Critical race theory (CRT) maintains that the United States is founded on racial supremacy and oppression. The US Constitution, legal system, and institutions, according to critical race theorists, are inherently racist. Unequal outcomes, they suggest, are a reflection of systemic racism.
America’s material achievement and economic growth, critical race theorists argue, has only been achieved through exploitation and coercion. The free market, far from elevating the condition of all Americans, is a tool of extortion.
Critical race theory is perhaps best thought of as a form of Marxism. Old-school Marxists divided the world by class—capitalist oppressor versus oppressed workers. Critical race theory is a new variant of Marxism that divides the world instead by race—race oppressors versus oppressed races.
The old-school Marxist solution was revolution. The workers, they advocated, should unite to overthrow an inherently exploitative system and build instead a new socialist society with top-down design. In pursuit of this idea, the twentieth century saw a series of Marxist revolutions, including those in Russia (1917), Cuba (1959), Ethiopia (1974), and Cambodia (1975), in which millions of people died. The workers’ paradise never quite emerged.
Critical race theorists in America today also seek to overturn the existing order. In the space of only a few years, this radical idea once confined to university campuses has started to take hold in mainstream society, including among big corporations, HR departments, government bureaucracies, and even the US military.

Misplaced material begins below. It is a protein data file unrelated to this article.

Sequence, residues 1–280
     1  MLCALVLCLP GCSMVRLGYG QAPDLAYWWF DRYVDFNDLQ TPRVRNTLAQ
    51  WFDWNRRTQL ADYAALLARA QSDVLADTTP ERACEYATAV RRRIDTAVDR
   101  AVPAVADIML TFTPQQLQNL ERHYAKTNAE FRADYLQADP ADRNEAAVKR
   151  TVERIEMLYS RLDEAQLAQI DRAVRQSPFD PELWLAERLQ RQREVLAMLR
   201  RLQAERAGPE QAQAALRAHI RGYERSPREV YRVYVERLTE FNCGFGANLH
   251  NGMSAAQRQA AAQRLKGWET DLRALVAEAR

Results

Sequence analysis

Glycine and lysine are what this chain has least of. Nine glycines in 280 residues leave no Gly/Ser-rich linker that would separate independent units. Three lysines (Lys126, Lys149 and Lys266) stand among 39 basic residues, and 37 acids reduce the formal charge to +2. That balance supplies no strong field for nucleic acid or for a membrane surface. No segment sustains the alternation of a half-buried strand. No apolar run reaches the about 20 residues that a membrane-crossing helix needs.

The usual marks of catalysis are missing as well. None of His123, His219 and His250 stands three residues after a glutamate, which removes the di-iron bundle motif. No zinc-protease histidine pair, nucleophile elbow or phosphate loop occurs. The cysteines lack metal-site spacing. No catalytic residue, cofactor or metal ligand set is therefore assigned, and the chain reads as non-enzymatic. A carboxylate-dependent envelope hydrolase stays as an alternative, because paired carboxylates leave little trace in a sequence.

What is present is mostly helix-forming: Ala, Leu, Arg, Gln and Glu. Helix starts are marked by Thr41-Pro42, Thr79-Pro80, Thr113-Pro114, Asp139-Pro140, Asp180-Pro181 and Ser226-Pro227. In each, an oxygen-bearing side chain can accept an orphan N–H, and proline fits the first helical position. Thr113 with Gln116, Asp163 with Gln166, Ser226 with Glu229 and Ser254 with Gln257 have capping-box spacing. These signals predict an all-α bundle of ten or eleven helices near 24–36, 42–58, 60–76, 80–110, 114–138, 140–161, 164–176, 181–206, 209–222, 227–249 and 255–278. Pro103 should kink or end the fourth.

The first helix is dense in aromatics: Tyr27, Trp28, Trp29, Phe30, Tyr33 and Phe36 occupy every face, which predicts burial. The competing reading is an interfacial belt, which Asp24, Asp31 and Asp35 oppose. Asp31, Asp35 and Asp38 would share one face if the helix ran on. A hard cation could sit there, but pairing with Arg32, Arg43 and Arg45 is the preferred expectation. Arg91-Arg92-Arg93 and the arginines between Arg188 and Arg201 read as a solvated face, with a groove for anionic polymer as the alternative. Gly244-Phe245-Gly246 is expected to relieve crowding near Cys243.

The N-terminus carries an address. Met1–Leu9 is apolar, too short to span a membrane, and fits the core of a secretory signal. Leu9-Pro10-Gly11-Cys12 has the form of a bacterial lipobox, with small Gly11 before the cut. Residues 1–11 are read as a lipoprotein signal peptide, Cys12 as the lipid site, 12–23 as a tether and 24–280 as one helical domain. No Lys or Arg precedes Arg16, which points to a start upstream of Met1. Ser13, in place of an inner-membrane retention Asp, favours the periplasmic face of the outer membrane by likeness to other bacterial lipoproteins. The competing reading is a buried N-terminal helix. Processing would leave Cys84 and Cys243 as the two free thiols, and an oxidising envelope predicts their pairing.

As an outsider who has only recently moved to America, I have a profound appreciation of what makes America the greatest republic on earth. As such, I believe critical race theory is profoundly harmful. Rather than encouraging young Americans to appreciate their country’s remarkable moral and material achievements, it invites them to lose confidence. Instead of celebrating the founding ideals and their universalist appeal, critical race theory teaches that America is built on hate.
Martin Luther King dreamt of an America in which every individual was judged by the content of their character and not the color of their skin. Instead of celebrating the enormous achievements made since the Civil Rights Movement, critical race theory specifically rejects King’s color-blind ideal and seeks to racialize every aspect of culture, sport, and public discourse.
So, what should we do about it?
The first step to dealing with CRT is establish whether it is in fact being taught in your state.
This matters because even those that do teach critical race theory seldom characterize what they are doing explicitly. It is important to look out for various tell-tale signs. Are there references to ‘systemic racism’? Does the curriculum advocate that race defines our beliefs and behaviors? Critical race theorists often refer to ‘white privilege,’ the dangerous idea that people born with one particular skin color possess some sort of automatic unearned privilege.
Often, critical race theorists will use the term ‘equity,’ rather than equality. To the casual listener, these two terms sound similar but their meanings are almost polar opposites. Equality means treating everyone the same. Equity means treating people differently, according to their race, to supposedly ensure equal outcomes. If a school or university advocates or facilitates any kind of differential treatment in the name of equity, they are promoting critical race theory
Here in Mississippi, we undertook detailed research, looking not only at the curriculum requirements in our state, but also at the teaching tools the Mississippi Department of Education recommended teachers use. Our findings were unequivocal; CRT is being taught in the classroom.